New Study Finds Financial Goals and Milestones of Millennials Not Backed by Action
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Top financial advisors: even in their 20s, millennials should focus on retirement saving as much as travel.
PARK RIDGE, Ill. — June 14, 2016 – While millennials (adults ages 18-34) want to achieve many of the same traditional life milestones as their older counterparts, they are waiting later to start saving and instead focusing on other financial priorities, shows a study commissioned by the Million Dollar Round Table (MDRT), an association of top financial professionals, and conducted online by Harris Poll in April among more than 2,000 US adults ages 18 and older. Understanding the millennial mindset and knowing their financial planning triggers can help financial professionals engage earlier and more successfully to help them achieve their long-term goals.
Millennials on Retirement
Despite the fact that the average age millennials say they expect to retire at is age 62 — which is younger than the expectations of older generations (ages 45-54 at 66 years old; ages 55-64 at 65 years old; and ages 65+ at 73 years old) — a mere 22 percent of millennials say they are currently saving for retirement.
When it comes to financial planning, millennials are more focused on other priorities such as travel, pursuing higher education or buying/renovating a home. One of the arguably most important priorities falls by the wayside with 91 percent of millennials stating they do not even have a financial plan for retirement. When millennials were asked about their priorities in the next five years:
30 percent say getting married/engaged
33 percent say paying off student loans
41 percent say having a financial plan
45 percent say advancing in their career
48 percent say buying/renovating a home (only 33 percent are currently saving for this)
“Millennial expectations to retire at a younger age than their predecessors does not match with their lack of financial action, while most say it’s a priority to focus on planning less than 10 percent have actually started doing so,” said MDRT President, Brian D. Heckert, CLU, ChFC. “What they may not realize is that having a plan now can give them greater retirement savings and increased financial security during those golden years.”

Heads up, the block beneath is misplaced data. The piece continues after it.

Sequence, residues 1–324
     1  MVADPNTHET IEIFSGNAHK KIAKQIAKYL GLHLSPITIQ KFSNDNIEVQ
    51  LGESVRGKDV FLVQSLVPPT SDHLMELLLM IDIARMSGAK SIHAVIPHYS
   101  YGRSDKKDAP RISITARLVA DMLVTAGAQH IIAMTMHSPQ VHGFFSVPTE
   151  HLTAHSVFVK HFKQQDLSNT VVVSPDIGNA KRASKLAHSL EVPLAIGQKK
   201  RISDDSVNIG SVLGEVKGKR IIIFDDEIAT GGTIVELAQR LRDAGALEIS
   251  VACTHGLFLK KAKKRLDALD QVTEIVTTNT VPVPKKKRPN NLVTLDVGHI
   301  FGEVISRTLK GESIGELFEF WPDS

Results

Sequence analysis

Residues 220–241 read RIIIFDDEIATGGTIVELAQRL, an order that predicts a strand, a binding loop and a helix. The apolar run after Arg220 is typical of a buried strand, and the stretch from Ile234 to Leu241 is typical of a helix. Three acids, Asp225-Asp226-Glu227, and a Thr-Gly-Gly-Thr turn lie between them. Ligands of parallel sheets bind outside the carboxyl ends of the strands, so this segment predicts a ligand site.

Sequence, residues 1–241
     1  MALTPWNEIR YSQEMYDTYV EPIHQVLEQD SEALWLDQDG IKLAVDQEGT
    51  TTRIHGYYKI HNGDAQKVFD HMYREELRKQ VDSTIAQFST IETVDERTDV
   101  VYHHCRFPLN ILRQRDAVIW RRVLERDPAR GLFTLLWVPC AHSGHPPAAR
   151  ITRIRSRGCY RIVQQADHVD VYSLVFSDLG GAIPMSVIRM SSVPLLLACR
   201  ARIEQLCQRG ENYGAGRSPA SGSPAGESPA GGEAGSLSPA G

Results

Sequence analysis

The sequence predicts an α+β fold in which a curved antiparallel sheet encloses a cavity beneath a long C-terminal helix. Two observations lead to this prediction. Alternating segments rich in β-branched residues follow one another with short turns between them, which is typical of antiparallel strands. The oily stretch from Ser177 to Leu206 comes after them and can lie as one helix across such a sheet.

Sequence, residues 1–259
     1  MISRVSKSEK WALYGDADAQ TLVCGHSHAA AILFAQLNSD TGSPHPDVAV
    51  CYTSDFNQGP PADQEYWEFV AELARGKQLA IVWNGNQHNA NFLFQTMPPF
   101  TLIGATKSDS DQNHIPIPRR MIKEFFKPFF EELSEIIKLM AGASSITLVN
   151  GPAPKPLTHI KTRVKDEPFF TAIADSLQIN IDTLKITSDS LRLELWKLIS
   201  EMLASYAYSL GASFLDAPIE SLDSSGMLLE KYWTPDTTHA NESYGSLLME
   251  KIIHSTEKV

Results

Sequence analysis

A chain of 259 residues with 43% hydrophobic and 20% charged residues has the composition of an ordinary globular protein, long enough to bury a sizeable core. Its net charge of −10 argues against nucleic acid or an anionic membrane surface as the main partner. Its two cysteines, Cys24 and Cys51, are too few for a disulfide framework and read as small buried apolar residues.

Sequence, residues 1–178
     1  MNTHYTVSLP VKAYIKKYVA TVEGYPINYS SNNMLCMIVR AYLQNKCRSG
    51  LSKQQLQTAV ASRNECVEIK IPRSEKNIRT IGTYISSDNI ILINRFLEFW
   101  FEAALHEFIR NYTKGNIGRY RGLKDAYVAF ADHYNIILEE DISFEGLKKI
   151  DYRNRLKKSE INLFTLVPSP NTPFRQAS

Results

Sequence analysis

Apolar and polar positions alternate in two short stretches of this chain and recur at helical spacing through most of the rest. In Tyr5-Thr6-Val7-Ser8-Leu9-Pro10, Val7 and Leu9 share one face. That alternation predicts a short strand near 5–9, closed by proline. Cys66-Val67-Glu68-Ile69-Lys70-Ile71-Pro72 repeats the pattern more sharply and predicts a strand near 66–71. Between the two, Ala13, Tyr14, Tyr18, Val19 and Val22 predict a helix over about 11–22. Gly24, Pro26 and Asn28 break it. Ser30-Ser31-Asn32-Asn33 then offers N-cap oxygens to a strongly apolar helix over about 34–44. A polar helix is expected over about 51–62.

Prioritizing a Financial Plan
Roughly three quarters of millennials (76 percent) believe they need a financial plan to achieve traditional milestones and are more likely than their older counterparts (60 percent of those ages 35+) to say that developing one is a priority over the next five years, but they need help to get there.
In terms of achieving milestones, millennials are:
More likely to worry about never achieving traditional milestones (53 percent vs. 31 percent of those ages 45+)
Delaying financial planning because they don’t have enough money to cover minimum expenses (38 percent) or are unsure where to start (27 percent)
“Our job as financial professionals is to find this disconnect in the younger generation’s mind and educate them on the realization that a little saving goes a long way,” Heckert said. “It’s never too early to start planning for your future.”
Because of millennials’ desires to prepare for milestones with financial planning, and subsequent reasons for delaying, the study found great disparities in timing for traditional milestones among the generations.
“I’ve worked with millennials who need help understanding how saving when you’re young can pay dividends over time, even with small amounts of money,” stated Brenton Harrison, two-year MDRT member and financial advisor for Henderson Financial Group. “Until you educate them, they will continue to believe that they don’t have enough to make a difference, and they’ll divert that money to other priorities.”
For a hi-res version of the infographic showing how the numbers from the study break out generation by generation, please reach out to Tori Unger at email@example.com.
The study was conducted online from April 7–11, 2016 by Harris Poll on behalf of MDRT among 2,126 U.S. adults ages 18+ (among which 511 are ages 18–34, 306 are ages 35–44, 373 are ages 45–54, 494 are ages 55–64 and 442 are age 65+). This online survey is not based on a probability sample and therefore no estimate of theoretical sampling error can be calculated. For complete survey methodology, including weighting variables, please contact Tori Unger, G&S Business Communications.
Founded in 1927, the Million Dollar Round Table (MDRT), The Premier Association of Financial Professionals®, is a global, independent association of more than 43,000 of the world's leading life insurance and financial services professionals from more than 500 companies in 67 countries. MDRT members demonstrate exceptional professional knowledge, strict ethical conduct and outstanding client service. MDRT membership is recognized internationally as the standard of excellence in the life insurance and financial services business. For more information, please visit mdrt.org and follow them on Twitter @MDRtweet.
About the MDRT Foundation
The The MDRT Foundation was created in 1959 to provide MDRT members with a means to give back to their communities. Since its inception, the MDRT Foundation has donated more than USD 29 million to charitable organizations serving people in 70 countries and all 50 U.S. states. The majority of these funds were raised by MDRT members and financial services industry partners. The mission of the MDRT Foundation is to increase member and industry participation, and to give funds to worthwhile charitable organizations throughout the world.
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